Alleged Jeffrey Epstein Victims Accuse JPMorgan and Deutsche Bank of Enabling Sex-Trafficking Ring
Two unnamed accusers of the late Jeffrey Epstein on Thursday filed separate civil lawsuits against JP Morgan Chase & Co. and Deutsche Bank AG, alleging that the banks enabled and financially benefitted from Epstein’s alleged sex trafficking operation.
The lawsuits, which seek class-action status and unspecified financial damages, were filed under a new law in New York, which allows sexual abuse survivors to go after their alleged abusers even after the statute of limitations has expired.
“The time has come for the real enablers to be held responsible, especially his wealthy friends and the financial institutions that played an integral role,” said Bradley Edwards, one of the lawyers, in a written statement. “These victims were wronged, by many, not just Epstein. He did not act alone.”
Epstein was awaiting trial on federal sex-trafficking charges. He was accused of running a sex trafficking ring from 2002 to 2005 where he allegedly paid girls as young as 14 for sex. He died in jail in 2019.
The lawsuits allege that by assisting Epstein through access to bank accounts and cash, it violated human-trafficking laws. Laws require banks to know who their customers are and learn what the accounts are being used for to prevent money laundering and ensure that they don’t enable criminal activity.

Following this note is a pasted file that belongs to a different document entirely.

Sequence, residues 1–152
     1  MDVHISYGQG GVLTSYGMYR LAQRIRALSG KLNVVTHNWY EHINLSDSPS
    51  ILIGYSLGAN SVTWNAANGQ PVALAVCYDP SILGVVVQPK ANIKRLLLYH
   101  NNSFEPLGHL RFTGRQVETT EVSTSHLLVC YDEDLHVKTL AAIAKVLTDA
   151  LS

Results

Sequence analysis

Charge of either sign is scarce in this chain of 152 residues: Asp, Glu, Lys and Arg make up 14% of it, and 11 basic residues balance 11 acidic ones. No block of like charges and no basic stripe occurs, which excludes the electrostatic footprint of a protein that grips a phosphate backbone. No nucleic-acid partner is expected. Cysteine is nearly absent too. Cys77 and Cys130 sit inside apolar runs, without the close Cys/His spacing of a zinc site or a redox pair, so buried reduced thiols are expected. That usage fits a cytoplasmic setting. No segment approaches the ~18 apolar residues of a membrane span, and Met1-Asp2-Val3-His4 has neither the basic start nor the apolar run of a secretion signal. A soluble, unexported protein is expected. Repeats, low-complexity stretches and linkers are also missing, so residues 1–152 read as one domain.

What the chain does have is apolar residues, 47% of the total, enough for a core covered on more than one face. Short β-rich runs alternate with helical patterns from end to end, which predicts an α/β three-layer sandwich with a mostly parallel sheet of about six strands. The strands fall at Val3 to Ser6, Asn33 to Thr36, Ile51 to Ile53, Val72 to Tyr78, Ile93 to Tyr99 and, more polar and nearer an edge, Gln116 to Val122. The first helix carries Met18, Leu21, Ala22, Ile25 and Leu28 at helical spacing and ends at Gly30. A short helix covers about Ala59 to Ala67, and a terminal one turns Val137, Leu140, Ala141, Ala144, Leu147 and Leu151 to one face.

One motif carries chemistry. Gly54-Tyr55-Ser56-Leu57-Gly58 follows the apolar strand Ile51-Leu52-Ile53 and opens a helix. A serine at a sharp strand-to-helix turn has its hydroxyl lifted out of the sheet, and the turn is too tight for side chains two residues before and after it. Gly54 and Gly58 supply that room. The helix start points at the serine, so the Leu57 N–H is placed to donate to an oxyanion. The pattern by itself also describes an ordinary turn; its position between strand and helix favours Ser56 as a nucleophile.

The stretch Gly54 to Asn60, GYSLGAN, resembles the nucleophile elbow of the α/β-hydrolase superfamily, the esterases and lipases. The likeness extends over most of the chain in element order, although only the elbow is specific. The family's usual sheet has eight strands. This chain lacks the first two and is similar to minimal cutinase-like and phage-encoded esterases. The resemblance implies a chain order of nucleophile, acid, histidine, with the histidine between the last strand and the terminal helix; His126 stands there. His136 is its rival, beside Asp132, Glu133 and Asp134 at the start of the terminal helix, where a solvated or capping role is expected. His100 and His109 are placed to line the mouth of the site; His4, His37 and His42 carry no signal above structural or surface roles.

The banks allegedly ignored red flags and enabled Epstein to withdraw large sums of money to allegedly make cash payments to numerous young women. Both banks also continued to work with the alleged sex trafficker for years following his 2008 guilty plea to soliciting prostitution from a minor.
The suit for JPMorgan states that the bank “provided special treatment to the sex-trafficking venture, thereby ensuring its continued operation and sexual abuse and sex-trafficking of young women and girls.”
“Without the financial institution’s participation, Epstein’s sex trafficking scheme could not have existed,” it emphasized.
The suit filed against Deutsche Bank, meanwhile, alleges it chose profit over following the law.
“Knowing that they would earn millions of dollars from facilitating Epstein’s sex trafficking, and from its relationship with Epstein, Deutsche Bank chose profit over following the law. Specifically, Deutsche Bank chose facilitating a sex trafficking operation in order to churn profits,” the suit claims.
While JPMorgan has yet to comment on the case, a Deutsche Bank spokesman said that they believe the claim “lacks merit,” and they will be presenting their arguments in court.
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